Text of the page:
Hans Martin Doelz: Photographer of the week
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by Yvette Depaepe
How has your history and life experiences affected your photography?
What first attracted you to photography?
Describe your overall photographic vision.
Why are you so drawn by Architecture and Abstract Photography?
What gear do you use (camera, lenses, bag)?
What software do you use to process your images?
Can you tell us something more about your work flow ?
What is your most important advice to a beginner in Architecture and Abstract Photography and how do you get started?
Who are your favourite photographers and more importantly, how has your appreciation of their work affected how you approach your own photography?
Another name I would like to mention is Vivian Maier. She definitely belongs to the best street photographers and left behind a lot of masterpieces of street photography.
Last but not least, there is the German born Fred Herzog who emigrated to Canada in the 50s and recorded life in Vancouver for more than five decades. He used Kodachrome slides at a time when colour photography was more or less frowned upon among art photographers. Fred Herzog, whose work was not widely appreciated until 2010, had a keen eye and an excellent sense for colour and composition.
Lately Fred Herzog’s photographs influenced my own approach to photography as I currently move from pure architectural photography to street photography.
To me, street photography is everything that happens in front of the camera that wasn't planned or set up. Quote: „It became a photograph because I happened to be there and was ready with my camera.“
Is there any specific photo taken by another photographer that has inspired you a lot and why?
An image with a completely different message is „Children at a Puppet Theatre, Paris, 1963“ by Alfred Eisenstaedt.
There are three frames in existence (33, 34 and 35) from which I think, frame 34 is the best one.
When I saw this photo for the first time it became immediately one of my favourites.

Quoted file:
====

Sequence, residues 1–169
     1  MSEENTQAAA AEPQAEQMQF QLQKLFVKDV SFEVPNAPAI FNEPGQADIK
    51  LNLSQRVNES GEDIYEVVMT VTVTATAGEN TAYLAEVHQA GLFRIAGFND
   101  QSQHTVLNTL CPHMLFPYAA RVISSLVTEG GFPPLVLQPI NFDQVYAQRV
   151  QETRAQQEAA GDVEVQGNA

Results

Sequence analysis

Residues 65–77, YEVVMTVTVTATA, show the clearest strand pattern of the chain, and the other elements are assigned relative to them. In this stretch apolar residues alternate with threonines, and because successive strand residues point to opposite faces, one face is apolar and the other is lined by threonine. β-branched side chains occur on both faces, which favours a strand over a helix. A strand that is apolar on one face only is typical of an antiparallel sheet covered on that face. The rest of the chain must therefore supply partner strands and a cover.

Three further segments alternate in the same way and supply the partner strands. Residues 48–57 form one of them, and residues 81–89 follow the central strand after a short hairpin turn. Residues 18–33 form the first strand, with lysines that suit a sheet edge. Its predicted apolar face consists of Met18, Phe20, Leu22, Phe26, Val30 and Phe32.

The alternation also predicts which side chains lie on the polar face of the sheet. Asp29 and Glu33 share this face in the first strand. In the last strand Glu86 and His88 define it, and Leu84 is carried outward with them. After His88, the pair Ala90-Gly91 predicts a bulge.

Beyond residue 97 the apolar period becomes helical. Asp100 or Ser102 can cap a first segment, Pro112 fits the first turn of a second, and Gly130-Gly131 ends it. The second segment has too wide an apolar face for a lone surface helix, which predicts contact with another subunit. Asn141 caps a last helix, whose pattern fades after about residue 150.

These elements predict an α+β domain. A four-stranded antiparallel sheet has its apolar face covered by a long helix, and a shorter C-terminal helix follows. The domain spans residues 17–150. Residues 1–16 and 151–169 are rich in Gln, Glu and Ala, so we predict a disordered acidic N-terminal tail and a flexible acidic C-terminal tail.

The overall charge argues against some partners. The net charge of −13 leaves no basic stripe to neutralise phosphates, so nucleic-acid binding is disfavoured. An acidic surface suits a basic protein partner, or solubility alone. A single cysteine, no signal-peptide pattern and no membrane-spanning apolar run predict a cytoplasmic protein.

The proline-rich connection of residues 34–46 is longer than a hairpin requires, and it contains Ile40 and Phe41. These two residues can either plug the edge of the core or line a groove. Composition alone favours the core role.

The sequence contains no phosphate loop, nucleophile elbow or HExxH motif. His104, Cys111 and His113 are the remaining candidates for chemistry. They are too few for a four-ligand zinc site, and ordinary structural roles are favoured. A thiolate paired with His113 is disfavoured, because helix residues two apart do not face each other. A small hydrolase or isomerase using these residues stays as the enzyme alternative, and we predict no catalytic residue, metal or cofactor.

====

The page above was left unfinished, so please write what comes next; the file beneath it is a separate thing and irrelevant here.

Are there any specific directions that you would like to take your photography in the future or any specific goals that you wish to achieve?
Mannequins have always been much more than an elaborate coat hanger parading the fashionable clothes of the day, but also mimicking the fashionable body shape of their era and appearing in displays that reflect the trend topics of the times. First they have been modelled on royalty, film stars, musicians and fashion models, nowadays they primarily embody an ideal of beauty. They are an ever present feature of every high street and shopping centre in the developed world.
Many of the well known photographers of the 20th century (Lee Friedlander, Walker Evans, Vivian Maier, to name only three) have shot at least a few photos where mannequins can be seen.
By the way, the photographer certainly faces interesting challenges when he devotes himself to this topic. Looking from the street into the shop window, he usually will see layer upon layer with varying intensities of light, the interior of the shop, the mannequins in the window display, the reflections of the street, the shop fronts opposite, and this mix of interior and exterior, of reflection and reality will in the end be visible in the photograph.
An article with 20 pictures from my Mannequins-series was recently published by the Spanish photo magazine DODHO.
Describe your favourite photograph taken by you and why it is special to you?
1. „Book temple III“, a photograph taken in February 2014 in the Stuttgart City Library is my most successful image so far with lots of appreciations and a publish in the Print Issue of National Geographic Magazine (USA), July 2018. The photograph is now part of the permanent collection of the National Geographic Society.
2. Another photo I like much is one of my very early shots. I was fortunate to meet Eric Clapton and Ginger Baker in 1967 sitting in the canteen of Radio Bremen, a German TV station. On that day there was a recording session of the legendary TV show Beat Club where Cream (Eric Clapton, Jack Bruce and Ginger Baker) performed „Strange Brew“. I’m proud that I could save this photo from the analogue era of photography.
This photo was already shown above.
Is there anything else you wish to add and what do you think about 1X as a home base for your work?
And I’m not afraid to take photos that don't fit the 1X style. It’s never too late to leave the well-trodden paths and to break new ground.
Finally: Thank you very much, dear Yvette, for giving me the opportunity to present my images and thoughts in this interview.
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